I was featured in this week's New City newspaper. Check it out:
Miguel Cortez is a friendly guy. In talking about the biannual Polvo magazine he publishes, I asked him how he managed the citywide distribution of an independent, alternative arts periodical. He chuckled a little and answered: "by car." It's just a matter of commitment, he said.
Cortez is also committed to curating shows for the Polvo art space, which doubles as his home, bringing artists from around the world to display their work in the Pilsen neighborhood, working full-time as a graphic designer, managing three Web sites and three blogs, creating posters and stickers aimed at making the world a better place, publishing a magazine, using whatever tools high-tech and low to create art that attempts to connect the dots between distances both ephemeral and immediate. He is committed to the movements and signals of life, whether watching from an airplane window or walking past a frozen puddle on his way to work.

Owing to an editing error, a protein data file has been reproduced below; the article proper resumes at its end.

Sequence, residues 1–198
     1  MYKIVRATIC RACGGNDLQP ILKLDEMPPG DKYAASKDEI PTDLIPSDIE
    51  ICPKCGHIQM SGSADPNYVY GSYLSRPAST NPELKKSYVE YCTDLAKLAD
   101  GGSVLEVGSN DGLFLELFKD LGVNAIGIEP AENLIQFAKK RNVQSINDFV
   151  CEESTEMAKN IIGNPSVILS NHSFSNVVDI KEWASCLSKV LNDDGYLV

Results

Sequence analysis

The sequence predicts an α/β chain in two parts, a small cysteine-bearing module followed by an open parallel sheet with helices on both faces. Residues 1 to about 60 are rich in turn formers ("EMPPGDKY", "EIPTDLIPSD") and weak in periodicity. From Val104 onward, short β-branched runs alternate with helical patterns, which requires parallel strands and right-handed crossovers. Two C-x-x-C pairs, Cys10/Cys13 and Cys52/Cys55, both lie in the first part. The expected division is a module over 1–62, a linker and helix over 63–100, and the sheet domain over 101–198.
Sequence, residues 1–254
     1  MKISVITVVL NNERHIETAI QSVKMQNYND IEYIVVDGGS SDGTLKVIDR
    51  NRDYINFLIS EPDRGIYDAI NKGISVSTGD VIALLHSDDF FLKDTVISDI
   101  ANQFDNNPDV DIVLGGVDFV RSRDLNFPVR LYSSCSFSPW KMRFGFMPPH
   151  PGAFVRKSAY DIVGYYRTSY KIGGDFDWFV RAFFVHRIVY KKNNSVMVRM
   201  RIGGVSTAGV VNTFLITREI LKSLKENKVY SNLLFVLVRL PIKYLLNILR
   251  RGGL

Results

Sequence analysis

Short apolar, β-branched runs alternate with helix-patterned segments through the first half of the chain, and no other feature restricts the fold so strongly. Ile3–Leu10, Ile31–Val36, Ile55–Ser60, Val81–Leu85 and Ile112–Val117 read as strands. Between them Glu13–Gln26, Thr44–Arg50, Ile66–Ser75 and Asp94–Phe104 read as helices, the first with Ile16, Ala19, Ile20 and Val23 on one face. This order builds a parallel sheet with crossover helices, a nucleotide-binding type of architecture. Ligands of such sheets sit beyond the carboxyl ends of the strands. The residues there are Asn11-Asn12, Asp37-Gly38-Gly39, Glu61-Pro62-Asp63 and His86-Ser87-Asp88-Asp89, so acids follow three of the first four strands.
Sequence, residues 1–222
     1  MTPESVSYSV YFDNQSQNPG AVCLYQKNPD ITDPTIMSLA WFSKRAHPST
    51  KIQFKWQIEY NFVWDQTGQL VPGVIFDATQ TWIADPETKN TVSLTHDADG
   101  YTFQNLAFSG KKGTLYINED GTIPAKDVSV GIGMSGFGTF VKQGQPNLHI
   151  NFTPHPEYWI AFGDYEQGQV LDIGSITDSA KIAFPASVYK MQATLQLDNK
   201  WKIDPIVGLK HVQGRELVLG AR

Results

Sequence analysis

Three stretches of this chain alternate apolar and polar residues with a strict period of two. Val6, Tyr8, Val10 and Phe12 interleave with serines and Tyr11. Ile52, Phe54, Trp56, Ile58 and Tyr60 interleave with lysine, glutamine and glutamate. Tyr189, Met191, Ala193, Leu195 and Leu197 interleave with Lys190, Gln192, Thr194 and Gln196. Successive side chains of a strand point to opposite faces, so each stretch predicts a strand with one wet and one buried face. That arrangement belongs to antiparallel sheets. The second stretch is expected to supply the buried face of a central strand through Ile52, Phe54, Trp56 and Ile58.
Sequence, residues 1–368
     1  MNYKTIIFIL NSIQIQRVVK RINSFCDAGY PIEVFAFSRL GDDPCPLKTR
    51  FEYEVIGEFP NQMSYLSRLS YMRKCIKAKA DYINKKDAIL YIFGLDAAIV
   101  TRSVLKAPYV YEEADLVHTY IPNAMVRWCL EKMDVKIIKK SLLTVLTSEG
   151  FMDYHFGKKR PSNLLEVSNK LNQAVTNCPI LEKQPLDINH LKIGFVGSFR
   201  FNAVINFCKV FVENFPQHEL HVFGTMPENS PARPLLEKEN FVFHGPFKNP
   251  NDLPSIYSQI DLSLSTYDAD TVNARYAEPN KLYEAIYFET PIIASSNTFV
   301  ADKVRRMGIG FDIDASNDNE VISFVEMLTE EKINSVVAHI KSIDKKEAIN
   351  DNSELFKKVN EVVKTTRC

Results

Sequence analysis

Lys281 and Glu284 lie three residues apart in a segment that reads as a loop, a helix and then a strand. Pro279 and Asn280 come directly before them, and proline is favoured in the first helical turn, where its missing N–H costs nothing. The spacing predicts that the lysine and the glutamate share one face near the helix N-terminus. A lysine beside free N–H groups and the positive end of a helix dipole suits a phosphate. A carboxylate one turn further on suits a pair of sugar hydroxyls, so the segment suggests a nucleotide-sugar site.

Miguel uses his airplane-visions and walk-to-work discoveries to lead viewers towards an appreciation of passing beauties, the snowflake divinity of everyday paths and routines. His painting series "Aerial Landscape" creates a sort of floor plan for a dream world where squares that could be living space lead to patches of orange and disappear into thin lines of smoke that might be rivers, all floating in a haze of green that could pass for either land or sky. His collection of digital prints on canvas entitled "Read My Palm" invites viewers to see the future from his own hand. He is reaching-out towards our inner-cartographer, the global-temporal-positioning-system hardwired in the collective "us."
Miguel Cortez will be showing work with Polvo at the Milwaukee International art fair in October and at the Mighty Fine Arts gallery in Dallas, Texas in 2007. Information on the Polvo Art Collective can be found at www.polvo.org.